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Law Reform Commission issues consultation paper on Insurance Contracts
The Law Reform Commission (the “LRC”) has issued a consultation paper on insurance contracts. The consultation paper looks in depth at the current system of law of insurance contracts in Ireland and, in recommending various changes, compares the Irish system to that of other EU and third country jurisdictions (including South Africa, Canada and Australia). The consultation paper specifically examines the following:
• the concept of insurable interest,
• the duty of disclosure placed on the insured;
• the nature and scope of pre-contractual misrepresentation by the insured;
• the nature and effect of warranties in insurance contracts, and their connection with basis of contract clauses;
• the relationship between exclusions in insurance contracts and the general law on unfair contract terms;
• formalities (including specific terms that need to be drawn to the insured‘s attention);
• the duty of utmost good faith (uberrimae fidei) in insurance contract law;
• the rights of third parties; and
• remedies available for breach of the contract (including the scope of repudiation of the contract and monetary compensation).
The LRC has made various recommendations including the following:
• The term "Insurable interest" should be more broadly defined in legislation as "an interest that subsists when a person may benefit from the continued existence or safekeeping of the subject matter of the insurance or may be prejudiced by its loss";
• Statutory provision should provide that an otherwise valid insurance claim cannot be rejected by the insurer solely because the insured lacks an insurable interest (as traditionally defined);
• With regard to life insurance, the LRC recommended that spouses, civil partners, cohabitants, children (in relation to their parents) and parents (in relation to their dependent adult children), should be deemed to have an insurable interest in a life policy. There is also a suggestion that grandparents in relation to their grandchild and siblings should also be deemed to have an insurable interest in a life policy;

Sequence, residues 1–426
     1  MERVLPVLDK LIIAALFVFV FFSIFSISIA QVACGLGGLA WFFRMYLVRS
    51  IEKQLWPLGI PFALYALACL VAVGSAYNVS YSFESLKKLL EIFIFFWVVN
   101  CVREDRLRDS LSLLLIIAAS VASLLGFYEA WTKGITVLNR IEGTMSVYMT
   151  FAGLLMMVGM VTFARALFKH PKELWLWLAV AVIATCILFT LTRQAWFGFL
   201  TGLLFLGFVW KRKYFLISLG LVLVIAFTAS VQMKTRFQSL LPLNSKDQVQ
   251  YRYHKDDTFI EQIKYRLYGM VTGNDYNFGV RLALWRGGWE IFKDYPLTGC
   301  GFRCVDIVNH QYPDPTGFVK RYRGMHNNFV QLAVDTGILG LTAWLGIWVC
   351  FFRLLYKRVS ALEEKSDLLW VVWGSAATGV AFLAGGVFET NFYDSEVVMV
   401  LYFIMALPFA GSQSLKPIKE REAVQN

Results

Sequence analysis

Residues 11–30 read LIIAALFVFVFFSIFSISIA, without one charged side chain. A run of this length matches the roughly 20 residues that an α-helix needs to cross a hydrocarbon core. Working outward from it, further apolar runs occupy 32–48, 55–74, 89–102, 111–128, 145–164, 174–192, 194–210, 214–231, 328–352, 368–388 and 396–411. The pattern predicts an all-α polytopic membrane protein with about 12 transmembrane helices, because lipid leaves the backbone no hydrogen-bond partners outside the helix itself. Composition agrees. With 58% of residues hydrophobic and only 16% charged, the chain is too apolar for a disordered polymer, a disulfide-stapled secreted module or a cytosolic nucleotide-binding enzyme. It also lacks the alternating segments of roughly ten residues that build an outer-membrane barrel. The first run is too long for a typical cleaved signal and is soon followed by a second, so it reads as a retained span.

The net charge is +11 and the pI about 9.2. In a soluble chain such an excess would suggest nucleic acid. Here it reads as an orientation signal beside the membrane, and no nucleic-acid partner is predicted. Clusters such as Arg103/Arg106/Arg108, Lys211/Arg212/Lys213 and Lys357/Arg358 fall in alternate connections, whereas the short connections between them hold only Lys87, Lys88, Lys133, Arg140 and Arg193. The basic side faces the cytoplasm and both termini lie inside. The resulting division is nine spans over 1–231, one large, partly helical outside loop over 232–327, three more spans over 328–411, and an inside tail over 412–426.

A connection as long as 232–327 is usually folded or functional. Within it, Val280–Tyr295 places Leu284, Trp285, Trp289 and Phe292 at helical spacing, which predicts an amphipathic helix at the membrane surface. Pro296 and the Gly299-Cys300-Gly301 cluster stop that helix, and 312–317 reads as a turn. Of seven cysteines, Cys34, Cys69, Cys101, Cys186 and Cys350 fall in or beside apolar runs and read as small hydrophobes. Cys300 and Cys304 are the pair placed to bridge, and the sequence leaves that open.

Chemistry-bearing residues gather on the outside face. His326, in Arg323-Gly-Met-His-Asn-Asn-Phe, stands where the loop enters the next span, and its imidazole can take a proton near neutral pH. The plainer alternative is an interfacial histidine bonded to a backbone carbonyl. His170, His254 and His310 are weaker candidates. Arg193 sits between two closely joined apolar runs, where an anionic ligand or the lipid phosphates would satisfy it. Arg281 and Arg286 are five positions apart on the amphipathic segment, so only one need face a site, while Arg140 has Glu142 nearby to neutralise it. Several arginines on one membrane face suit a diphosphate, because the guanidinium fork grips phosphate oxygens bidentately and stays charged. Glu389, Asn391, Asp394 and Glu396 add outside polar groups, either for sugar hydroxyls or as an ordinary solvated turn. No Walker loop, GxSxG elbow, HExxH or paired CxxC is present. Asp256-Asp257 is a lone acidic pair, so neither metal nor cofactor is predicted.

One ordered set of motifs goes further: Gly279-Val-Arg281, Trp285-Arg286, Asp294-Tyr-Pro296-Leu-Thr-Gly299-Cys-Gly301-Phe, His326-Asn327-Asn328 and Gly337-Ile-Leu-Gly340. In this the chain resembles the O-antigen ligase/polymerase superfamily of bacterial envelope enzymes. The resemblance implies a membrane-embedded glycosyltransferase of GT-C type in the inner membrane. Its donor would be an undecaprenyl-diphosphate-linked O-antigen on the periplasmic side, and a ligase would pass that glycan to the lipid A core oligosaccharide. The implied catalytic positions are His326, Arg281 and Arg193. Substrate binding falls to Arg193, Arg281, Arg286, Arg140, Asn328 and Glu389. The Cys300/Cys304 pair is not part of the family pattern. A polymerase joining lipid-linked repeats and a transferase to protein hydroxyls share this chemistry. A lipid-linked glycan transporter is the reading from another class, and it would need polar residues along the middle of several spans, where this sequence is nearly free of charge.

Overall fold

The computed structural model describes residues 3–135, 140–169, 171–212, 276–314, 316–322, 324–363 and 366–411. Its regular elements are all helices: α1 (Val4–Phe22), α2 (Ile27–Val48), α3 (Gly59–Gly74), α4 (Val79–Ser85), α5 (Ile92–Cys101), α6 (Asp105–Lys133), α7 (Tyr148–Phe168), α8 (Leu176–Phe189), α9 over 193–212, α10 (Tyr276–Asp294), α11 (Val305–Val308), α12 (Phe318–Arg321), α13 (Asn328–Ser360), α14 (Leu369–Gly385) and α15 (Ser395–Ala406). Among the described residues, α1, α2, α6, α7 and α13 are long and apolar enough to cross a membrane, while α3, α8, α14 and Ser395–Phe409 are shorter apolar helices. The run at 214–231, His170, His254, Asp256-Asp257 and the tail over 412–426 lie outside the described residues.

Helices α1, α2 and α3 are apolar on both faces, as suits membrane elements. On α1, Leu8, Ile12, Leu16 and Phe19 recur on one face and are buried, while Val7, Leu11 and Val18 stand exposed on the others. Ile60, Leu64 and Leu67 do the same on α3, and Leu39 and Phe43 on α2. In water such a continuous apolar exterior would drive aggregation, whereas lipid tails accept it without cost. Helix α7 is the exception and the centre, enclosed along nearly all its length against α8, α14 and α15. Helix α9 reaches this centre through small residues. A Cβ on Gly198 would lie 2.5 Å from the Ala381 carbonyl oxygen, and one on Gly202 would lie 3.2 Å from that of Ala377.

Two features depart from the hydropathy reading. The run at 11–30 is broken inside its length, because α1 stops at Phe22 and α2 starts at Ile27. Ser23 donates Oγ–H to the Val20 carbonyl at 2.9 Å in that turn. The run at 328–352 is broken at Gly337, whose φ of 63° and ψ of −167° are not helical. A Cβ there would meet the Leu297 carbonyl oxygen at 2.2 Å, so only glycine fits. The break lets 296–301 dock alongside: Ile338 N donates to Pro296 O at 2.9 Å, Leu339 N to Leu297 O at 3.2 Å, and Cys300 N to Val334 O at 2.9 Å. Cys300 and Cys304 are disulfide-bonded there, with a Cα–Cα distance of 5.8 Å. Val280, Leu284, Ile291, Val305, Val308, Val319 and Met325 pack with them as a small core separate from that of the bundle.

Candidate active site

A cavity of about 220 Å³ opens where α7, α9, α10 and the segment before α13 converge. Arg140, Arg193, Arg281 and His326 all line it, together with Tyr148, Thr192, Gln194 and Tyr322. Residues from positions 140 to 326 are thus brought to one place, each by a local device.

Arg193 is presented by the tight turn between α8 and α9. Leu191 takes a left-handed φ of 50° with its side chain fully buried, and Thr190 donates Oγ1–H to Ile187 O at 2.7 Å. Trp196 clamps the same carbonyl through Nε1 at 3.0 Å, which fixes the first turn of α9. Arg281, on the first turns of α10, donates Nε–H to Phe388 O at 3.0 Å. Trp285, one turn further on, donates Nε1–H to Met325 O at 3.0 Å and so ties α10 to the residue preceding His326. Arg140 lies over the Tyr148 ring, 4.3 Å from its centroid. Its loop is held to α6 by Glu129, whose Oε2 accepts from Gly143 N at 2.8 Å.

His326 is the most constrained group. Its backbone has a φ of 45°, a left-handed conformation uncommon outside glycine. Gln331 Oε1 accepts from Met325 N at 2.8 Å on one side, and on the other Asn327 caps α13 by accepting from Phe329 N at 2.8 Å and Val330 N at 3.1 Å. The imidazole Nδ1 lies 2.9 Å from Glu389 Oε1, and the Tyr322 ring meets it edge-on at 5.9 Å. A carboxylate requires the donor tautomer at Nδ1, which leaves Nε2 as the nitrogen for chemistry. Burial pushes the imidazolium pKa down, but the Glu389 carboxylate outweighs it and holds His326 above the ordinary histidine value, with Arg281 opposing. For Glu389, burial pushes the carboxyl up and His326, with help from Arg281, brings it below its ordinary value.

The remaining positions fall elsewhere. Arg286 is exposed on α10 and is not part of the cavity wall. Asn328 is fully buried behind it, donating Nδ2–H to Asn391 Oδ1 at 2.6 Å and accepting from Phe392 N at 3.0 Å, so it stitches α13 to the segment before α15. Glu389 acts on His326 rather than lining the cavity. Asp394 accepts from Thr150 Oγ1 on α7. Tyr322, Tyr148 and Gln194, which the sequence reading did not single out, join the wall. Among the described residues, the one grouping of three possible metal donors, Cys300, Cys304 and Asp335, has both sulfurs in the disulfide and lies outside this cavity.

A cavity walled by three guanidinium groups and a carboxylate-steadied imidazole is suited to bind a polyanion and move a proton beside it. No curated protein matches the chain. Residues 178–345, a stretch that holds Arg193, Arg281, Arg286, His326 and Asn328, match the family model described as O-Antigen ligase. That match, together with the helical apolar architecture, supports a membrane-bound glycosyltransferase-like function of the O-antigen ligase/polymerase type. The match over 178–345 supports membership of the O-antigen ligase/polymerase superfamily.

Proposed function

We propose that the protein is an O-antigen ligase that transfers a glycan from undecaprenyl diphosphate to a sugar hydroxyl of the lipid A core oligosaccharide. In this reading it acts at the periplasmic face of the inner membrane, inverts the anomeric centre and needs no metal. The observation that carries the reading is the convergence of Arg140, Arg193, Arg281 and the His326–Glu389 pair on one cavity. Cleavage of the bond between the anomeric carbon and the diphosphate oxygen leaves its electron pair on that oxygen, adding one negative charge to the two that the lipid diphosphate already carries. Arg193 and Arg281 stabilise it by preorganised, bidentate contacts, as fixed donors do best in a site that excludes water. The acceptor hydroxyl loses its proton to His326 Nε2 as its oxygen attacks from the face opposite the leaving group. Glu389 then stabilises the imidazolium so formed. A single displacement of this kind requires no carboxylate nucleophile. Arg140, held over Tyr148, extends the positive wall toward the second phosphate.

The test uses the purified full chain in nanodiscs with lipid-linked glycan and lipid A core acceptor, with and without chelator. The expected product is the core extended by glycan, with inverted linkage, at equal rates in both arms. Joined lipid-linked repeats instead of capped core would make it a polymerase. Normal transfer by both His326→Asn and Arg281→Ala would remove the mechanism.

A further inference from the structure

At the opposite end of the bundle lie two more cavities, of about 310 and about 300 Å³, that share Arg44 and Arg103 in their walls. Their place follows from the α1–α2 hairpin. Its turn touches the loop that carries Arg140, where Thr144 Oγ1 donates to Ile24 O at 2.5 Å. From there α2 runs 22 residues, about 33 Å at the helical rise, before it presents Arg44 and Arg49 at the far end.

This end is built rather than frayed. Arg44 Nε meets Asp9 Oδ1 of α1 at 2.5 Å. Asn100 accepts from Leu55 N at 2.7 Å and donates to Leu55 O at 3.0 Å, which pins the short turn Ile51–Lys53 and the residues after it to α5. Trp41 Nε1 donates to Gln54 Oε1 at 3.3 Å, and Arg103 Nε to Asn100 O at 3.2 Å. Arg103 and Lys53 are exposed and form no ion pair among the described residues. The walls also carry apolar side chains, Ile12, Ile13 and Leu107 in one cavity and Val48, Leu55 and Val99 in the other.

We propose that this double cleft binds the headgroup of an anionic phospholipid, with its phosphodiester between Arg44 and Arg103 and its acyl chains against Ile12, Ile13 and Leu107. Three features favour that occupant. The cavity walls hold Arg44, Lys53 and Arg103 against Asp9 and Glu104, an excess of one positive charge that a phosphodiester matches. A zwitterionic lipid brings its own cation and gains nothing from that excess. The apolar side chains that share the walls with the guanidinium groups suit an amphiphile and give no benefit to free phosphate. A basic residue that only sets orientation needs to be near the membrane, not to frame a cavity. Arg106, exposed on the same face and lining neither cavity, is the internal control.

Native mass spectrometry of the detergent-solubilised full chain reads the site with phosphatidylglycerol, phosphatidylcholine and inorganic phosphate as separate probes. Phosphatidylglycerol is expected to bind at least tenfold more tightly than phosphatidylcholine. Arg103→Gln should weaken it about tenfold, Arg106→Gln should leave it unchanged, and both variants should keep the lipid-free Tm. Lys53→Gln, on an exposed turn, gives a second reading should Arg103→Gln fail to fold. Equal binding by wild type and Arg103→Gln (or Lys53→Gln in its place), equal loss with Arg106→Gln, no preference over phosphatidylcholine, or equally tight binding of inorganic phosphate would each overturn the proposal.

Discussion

• The pre-contractual duty of disclosure should continue to be on the basis of uberrimae fidei. However, the LRC recommended that the pre-contractual duty of disclosure should be retained but it should be restricted to facts and circumstances which the proposer has actual knowledge of and it should not extend to every fact that ought to be known by the individual. The LRC also sought assistance on the best definition of "material facts" for the purposes of future legislation; and
• Section 62 of the Civil Liability Act 1961 should be extended to allow a third party to proceed against an insurer where the insured cannot be located.
The LRC invited interested parties to provide submissions by contacting them in writing or by emailling email@example.com by 31 March 2012. We would be happy to discuss the LRC’s paper with you at any time. Full text of the consultation paper is available here.